Robert Beauregard is Professor Emeritus at Columbia University where he taught urban planning in the Graduate School of Architecture, Planning and Preservation. Over his career, he has written mainly on urban development (with a focus on postwar U.S. cities) and planning theory. His most recent books are Cities in the Urban Age; A Dissent (2018) and Planning Matter: Acting with Things (2015), the latter a socio-material perspective on planning theory. He is currently writing a book on planning theory for a series titled Advanced Introductions to be published by Edward Elgar and a cross-national, historical study of the spatial dimensions of nationalism and nation-building tentatively titled Cities and the Moral Geography of Nations. Professor Beauregard also taught at New School University (NYC), the University of Pittsburgh, and Rutgers University and has been a visiting professor at the University of Tampere, Helsinki University of Technology (now Aalto University), and UCLA.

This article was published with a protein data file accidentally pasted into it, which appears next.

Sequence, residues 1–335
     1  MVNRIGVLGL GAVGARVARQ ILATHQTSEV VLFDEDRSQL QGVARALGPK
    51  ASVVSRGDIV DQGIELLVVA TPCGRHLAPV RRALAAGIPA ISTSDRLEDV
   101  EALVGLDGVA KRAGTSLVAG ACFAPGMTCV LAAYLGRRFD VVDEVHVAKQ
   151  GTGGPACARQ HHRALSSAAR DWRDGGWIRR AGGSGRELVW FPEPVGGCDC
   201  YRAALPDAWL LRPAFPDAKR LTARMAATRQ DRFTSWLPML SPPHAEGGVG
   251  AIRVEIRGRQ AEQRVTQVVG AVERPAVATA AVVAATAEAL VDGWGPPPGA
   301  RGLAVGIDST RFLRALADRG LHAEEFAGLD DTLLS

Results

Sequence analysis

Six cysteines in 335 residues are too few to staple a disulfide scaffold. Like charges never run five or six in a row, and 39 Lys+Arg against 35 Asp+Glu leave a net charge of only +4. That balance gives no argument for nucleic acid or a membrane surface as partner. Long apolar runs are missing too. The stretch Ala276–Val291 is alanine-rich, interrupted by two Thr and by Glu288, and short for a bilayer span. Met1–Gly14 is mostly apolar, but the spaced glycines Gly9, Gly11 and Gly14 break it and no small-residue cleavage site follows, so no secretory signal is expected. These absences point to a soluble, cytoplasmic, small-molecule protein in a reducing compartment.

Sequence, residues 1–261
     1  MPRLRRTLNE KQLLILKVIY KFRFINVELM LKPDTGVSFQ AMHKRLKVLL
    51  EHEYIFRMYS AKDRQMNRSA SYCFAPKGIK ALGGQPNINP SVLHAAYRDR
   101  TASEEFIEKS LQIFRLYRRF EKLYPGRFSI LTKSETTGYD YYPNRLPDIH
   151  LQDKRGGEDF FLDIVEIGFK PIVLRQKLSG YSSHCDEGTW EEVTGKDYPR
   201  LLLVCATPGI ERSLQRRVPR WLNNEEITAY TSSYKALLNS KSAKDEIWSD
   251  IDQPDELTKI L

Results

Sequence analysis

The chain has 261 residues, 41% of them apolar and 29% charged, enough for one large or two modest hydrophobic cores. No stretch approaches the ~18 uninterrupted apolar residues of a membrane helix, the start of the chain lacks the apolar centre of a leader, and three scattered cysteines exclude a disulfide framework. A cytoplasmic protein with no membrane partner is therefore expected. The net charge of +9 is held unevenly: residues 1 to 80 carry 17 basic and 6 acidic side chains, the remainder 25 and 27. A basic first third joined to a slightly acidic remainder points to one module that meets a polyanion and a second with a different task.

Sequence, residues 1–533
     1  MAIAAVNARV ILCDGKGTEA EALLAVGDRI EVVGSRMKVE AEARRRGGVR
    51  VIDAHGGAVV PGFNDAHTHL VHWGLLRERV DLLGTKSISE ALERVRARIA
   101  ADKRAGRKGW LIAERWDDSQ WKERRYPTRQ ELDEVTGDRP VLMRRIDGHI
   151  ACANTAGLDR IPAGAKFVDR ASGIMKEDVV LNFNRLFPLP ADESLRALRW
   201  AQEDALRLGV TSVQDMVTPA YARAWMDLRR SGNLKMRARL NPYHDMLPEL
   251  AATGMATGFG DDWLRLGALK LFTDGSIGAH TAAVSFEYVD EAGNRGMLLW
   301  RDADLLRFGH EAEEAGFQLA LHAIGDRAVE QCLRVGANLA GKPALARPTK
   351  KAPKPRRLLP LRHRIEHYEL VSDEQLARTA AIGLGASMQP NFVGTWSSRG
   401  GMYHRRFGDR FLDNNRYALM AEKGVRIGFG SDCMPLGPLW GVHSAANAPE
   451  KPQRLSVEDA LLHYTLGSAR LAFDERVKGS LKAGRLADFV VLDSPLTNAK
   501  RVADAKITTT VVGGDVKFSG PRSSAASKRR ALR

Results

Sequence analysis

In his key-note speech, Beauregard will elaborate on the importance for understanding the dynamics of underlying urban contradictions when trying to make sustainable urban policy. For Beauregard, the city is a cauldron of haunting contradictions. He argues that only by recognizing the urban ambiguities and contradictions, can we begin to understand our moral obligations as well as possible paths towards equality, justice and peace in urban settings.